On the evening of November 5, Ney went out to Korytna, heard the cannonade from Krasny, but considered that it was Victor's corps that was going to the army, and did not attach much importance to the shooting. At dawn on November 6, the 3rd Corps continued to move. The appearance of the Russians at the crossing over the Losmina River was unexpected for him. The 2nd and 7th Infantry Corps occupied the positions on the river, which advanced the artillery. On the left flank was a cuirassier division, on the right - the 2nd cavalry corps.

The marshal decided that there were people in Krasnoye, and he only needed to break through the Russian orders. Miloradovich invited Ney to capitulate. The bravest of the brave, as Napoleon called him, decided to make a breakthrough. The marshal ordered the 11th division to Raz to attack the Russian position in order to break into the city. Under the cover of fog and fire of 6 guns, the French went on the attack. However, Russian artillery quickly overwhelmed the weak French battery. Buckshot stopped the infantry. The troops of the Russian 12th and 26th infantry divisions, two regiments of the 1st grenadier division, supported by cavalry, launched a counterattack and overturned the French.

Ney threw Ledru's 10th division into the attack. At this time, the marshal pulled up the remaining units and carts, but the situation was already catastrophic. Ledru's division was routed and surrendered. The marshal abandoned crowds of incapacitated soldiers and with a 3-strong detachment went through forest paths to the Dnieper. 12 thousand people laid down their arms.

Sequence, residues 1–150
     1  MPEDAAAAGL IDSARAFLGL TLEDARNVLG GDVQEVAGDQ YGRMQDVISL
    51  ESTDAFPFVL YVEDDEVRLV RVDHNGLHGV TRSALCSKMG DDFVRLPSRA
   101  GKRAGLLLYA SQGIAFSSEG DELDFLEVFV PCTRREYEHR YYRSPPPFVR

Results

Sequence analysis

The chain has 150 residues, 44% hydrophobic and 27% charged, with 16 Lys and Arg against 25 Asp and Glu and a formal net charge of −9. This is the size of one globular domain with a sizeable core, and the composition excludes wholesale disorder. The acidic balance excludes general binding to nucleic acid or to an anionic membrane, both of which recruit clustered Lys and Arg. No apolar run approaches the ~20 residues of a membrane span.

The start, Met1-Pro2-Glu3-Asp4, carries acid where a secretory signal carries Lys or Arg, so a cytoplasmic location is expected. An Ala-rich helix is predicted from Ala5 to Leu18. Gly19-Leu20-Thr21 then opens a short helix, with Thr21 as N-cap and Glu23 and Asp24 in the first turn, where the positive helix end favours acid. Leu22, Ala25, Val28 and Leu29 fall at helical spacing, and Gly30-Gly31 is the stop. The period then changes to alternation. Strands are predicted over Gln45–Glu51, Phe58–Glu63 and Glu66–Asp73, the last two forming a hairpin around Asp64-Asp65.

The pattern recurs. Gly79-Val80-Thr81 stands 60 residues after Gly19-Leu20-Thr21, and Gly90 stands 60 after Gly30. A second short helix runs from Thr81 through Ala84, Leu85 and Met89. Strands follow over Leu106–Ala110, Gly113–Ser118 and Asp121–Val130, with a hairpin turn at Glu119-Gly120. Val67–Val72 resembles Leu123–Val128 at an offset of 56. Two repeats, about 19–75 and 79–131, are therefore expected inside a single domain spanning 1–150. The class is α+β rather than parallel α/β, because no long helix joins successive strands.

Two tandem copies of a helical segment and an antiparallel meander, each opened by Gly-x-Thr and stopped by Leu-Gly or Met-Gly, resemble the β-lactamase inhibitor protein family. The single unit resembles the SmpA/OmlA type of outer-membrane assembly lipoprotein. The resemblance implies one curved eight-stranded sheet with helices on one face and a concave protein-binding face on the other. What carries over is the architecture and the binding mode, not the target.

Ney with his detachment went north, crossed Losminka near the village of Syrokorene. Then he crossed the Dnieper on thin ice, losing many people who fell through the ice. On November 20, the brave marshal reached Orsha with 800-900 fighters. The 3rd Corps was no more.

In the four-day battle near Krasnoe, the French army suffered a heavy defeat. The French lost 10-13 thousand people killed and wounded, 20-26 thousand people captured, about 200 guns (Clausewitz reports 230 guns), almost all the carts. Napoleon's army was left without cavalry and artillery. The corps of Beauharnais and Ney were completely defeated, and Davout's corps suffered heavy losses. The army barely escaped complete annihilation and rushed to the Berezina. Plans to stay in winter quarters west of Smolensk collapsed.